In 1853 the Swiss Central Railway (German: Schweizerische Centralbahn, SCB) began to build the Basel-Olten line through the Hauenstein passmarker with branches from Olten to Aarau and Lucerne, Bern and Thunmarker and from Herzogenbuchseemarker to Solothurn and Biel. At the same time the Swiss Northeastern Railway (German: Schweizerische Nordostbahn, NOB) concentrated on eastern Switzerland in the cantons of Zürichmarker and Thurgaumarker; its network covered the lines from Zürich to Lake Constancemarker and to Schaffhausenmarker and later to Lucerne. The United Swiss Railways (VSB) built lines from Winterthurmarker to Rorschachmarker and from Wallisellenmarker to Rapperswilmarker, Sargansmarker and Churmarker. There were contracts for sharing the interlinked VSB line between Weesenmarker and Glarusmarker and the NOB line between Ziegelbrückemarker, Näfelsmarker, Glarusmarker and Linthalmarker.

During the same period railways were built in western Switzerland along Lake Genevamarker from Genevamarker to Lausannemarker and Bexmarker and from Morgesmarker to Yverdonmarker. A steamship connected Geneva with the line from Le Bouveretmarker to Martignymarker. The main developer in the inner part of Vaudmarker was the West Switzerland Company (French: Compagnie de l'Ouest-Suisse, OS) and in the Valais the Line of Italy (French: Ligne d'Italie, absorbed by the Simplon Company [French: Compagnie du Simplon] in 1874). The Jura–Neuchâtel Railway emerged from lines from Le Loclemarker and Les Verrièresmarker along Lake Neuchâtelmarker to La Neuvevillemarker.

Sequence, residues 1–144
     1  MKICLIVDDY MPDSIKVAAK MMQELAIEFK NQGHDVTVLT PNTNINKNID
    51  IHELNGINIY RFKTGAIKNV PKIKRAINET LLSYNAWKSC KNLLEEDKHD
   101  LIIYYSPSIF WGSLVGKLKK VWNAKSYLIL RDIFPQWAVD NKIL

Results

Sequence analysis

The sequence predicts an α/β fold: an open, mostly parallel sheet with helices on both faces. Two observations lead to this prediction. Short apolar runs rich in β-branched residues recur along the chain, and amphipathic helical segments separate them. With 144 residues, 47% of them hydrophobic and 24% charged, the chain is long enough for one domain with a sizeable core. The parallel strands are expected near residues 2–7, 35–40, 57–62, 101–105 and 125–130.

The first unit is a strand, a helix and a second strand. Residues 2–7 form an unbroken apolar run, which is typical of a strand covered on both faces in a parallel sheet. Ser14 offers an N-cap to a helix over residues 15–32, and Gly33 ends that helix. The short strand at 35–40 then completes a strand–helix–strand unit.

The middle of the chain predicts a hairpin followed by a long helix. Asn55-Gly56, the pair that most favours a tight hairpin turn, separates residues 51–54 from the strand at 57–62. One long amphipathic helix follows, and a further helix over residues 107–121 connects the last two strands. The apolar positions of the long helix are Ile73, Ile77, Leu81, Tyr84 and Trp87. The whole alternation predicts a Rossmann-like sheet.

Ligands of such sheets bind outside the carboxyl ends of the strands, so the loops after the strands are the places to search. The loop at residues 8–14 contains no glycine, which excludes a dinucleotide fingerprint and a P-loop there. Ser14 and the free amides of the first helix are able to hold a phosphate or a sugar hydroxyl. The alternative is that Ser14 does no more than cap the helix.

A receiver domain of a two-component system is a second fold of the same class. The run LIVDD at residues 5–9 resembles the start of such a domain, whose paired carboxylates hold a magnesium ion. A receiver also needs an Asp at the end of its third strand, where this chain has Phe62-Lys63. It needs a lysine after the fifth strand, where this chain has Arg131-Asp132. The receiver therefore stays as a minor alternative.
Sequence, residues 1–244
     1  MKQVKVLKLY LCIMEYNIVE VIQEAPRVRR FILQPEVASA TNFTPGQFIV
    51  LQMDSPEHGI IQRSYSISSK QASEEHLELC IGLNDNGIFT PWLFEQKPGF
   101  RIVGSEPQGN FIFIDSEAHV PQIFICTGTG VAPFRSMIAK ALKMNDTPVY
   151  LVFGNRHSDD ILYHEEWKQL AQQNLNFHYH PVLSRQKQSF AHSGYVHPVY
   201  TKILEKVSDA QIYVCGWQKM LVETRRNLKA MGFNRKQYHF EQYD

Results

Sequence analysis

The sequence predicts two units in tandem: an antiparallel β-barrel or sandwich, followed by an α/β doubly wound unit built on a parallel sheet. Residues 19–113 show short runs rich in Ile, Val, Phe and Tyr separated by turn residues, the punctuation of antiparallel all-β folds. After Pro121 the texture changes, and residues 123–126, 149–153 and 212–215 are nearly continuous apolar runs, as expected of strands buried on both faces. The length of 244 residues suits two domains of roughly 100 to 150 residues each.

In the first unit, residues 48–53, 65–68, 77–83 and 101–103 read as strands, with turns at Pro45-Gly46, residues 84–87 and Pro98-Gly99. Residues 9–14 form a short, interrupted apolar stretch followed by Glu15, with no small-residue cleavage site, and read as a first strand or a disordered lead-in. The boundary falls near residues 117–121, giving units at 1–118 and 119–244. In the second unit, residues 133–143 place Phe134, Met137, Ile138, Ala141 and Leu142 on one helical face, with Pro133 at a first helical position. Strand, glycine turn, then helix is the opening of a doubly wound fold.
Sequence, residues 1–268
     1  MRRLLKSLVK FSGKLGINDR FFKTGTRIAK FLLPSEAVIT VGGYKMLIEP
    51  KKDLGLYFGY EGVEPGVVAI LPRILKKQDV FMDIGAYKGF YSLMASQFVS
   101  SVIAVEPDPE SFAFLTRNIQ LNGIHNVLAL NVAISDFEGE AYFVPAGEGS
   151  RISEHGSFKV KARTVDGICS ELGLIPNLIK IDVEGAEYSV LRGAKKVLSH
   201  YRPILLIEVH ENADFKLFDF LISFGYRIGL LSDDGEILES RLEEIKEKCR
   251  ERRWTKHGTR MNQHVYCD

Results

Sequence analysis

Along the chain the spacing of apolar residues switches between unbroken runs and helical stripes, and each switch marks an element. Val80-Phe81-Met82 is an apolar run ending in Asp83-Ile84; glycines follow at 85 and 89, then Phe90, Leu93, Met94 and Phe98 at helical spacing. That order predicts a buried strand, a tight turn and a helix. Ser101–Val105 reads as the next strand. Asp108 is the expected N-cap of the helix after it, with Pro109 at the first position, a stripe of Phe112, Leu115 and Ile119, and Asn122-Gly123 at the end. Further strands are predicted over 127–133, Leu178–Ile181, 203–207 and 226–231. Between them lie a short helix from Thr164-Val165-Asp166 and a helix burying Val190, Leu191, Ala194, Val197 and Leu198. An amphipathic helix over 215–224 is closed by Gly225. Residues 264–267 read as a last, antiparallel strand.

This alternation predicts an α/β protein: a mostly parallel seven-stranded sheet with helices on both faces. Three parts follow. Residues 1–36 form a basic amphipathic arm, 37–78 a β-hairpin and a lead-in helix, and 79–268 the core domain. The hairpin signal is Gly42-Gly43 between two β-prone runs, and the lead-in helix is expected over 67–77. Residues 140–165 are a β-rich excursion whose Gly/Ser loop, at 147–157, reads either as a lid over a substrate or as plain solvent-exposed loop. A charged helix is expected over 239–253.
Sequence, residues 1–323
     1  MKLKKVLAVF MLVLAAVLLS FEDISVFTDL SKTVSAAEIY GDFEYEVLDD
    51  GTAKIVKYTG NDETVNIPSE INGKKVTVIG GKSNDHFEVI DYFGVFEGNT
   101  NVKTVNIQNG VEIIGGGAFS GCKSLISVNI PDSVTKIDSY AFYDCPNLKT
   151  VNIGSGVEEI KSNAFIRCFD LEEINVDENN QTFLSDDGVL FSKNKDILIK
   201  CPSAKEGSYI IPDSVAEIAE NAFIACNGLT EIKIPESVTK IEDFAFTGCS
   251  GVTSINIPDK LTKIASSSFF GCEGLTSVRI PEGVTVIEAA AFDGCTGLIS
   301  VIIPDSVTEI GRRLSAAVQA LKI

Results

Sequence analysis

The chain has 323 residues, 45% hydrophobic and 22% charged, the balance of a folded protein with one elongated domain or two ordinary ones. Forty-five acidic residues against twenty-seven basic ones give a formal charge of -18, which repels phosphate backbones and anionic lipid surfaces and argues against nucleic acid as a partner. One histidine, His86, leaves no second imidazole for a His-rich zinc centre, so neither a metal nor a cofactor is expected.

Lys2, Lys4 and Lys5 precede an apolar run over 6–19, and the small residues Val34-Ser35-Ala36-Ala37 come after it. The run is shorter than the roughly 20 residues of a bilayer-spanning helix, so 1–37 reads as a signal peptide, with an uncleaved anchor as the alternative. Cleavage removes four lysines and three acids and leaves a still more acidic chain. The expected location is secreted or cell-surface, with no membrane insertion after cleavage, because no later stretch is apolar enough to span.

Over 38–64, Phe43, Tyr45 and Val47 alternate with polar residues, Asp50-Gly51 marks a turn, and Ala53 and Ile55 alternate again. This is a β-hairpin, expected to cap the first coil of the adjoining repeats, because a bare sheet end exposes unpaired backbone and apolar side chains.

The Canton of Fribourgmarker delayed the construction of the line from Bern to Lausanne in a bid to have it run through the city of Fribourgmarker rather than on flatter land further west; in 1857 the Swiss government, the canton of Vaudmarker and the West Switzerland Company gave in, allowing construction to commence on the line, which was opened in 1862. The Canton of Bernmarker attempted to make its own policy in relation to its railways railway. At the initiative of its Federal politician Jakob Stämpfli the Swiss East–West Railway (German: Schweizerische Ostwestbahn, OWB) started building a line in 1857 to compete with Swiss Central Railway between La Neuvevillemarker (on Lake Bielmarker) and Zürich via Bern, Langnau im Emmentalmarker, Luzern and Zugmarker without raising sufficient finance to guarantee its completion. In June 1861 it went bankrupt and the completed section from La Neuveville and Langnau was taken over the Canton of Bern and was incorporated as the Bern State Railway (German: Bernische Staatsbahn, BSB), which continued building the line to Lucerne. The missing section from Langnau to Entlebuchmarker and Lucerne was not completed until 1875. The concession for the Zürich–Lucerne line via Affoltern am Albismarker was taken over by the Zürich–Zug–Lucerne Railway (German: Zürich–Zug–Luzern-Bahn, ZZL), a subsidiary of the NOB.